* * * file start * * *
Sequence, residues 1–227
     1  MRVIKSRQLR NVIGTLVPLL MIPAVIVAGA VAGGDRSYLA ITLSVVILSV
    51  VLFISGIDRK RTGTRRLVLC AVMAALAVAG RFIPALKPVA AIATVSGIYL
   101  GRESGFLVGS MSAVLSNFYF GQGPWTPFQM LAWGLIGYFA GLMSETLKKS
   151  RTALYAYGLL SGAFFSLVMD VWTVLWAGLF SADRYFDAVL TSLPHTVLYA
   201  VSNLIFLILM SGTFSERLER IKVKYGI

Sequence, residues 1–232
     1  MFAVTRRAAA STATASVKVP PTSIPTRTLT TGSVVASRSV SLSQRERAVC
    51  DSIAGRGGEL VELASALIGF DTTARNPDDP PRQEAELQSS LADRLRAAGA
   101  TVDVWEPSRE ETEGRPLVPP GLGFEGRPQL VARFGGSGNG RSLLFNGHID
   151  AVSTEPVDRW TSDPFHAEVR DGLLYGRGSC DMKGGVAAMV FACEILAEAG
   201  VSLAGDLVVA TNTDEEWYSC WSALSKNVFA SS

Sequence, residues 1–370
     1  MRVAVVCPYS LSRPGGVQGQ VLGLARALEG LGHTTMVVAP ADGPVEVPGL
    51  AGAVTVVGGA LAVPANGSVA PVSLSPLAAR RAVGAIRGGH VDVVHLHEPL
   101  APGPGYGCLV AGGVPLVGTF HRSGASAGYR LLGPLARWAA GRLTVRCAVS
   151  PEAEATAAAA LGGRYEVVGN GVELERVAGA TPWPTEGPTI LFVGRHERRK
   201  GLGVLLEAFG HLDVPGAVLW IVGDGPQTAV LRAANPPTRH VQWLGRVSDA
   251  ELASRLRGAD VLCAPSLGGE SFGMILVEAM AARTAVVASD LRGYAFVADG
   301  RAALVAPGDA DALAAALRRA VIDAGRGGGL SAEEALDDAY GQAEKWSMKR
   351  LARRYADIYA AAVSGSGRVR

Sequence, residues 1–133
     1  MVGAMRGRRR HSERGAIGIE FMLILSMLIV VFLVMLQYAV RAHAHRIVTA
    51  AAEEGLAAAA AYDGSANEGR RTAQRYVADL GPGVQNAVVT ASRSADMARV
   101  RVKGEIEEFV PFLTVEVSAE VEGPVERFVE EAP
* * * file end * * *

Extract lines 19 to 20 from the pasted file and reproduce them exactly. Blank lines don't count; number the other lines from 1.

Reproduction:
   251  ELASRLRGAD VLCAPSLGGE SFGMILVEAM AARTAVVASD LRGYAFVADG
   301  RAALVAPGDA DALAAALRRA VIDAGRGGGL SAEEALDDAY GQAEKWSMKR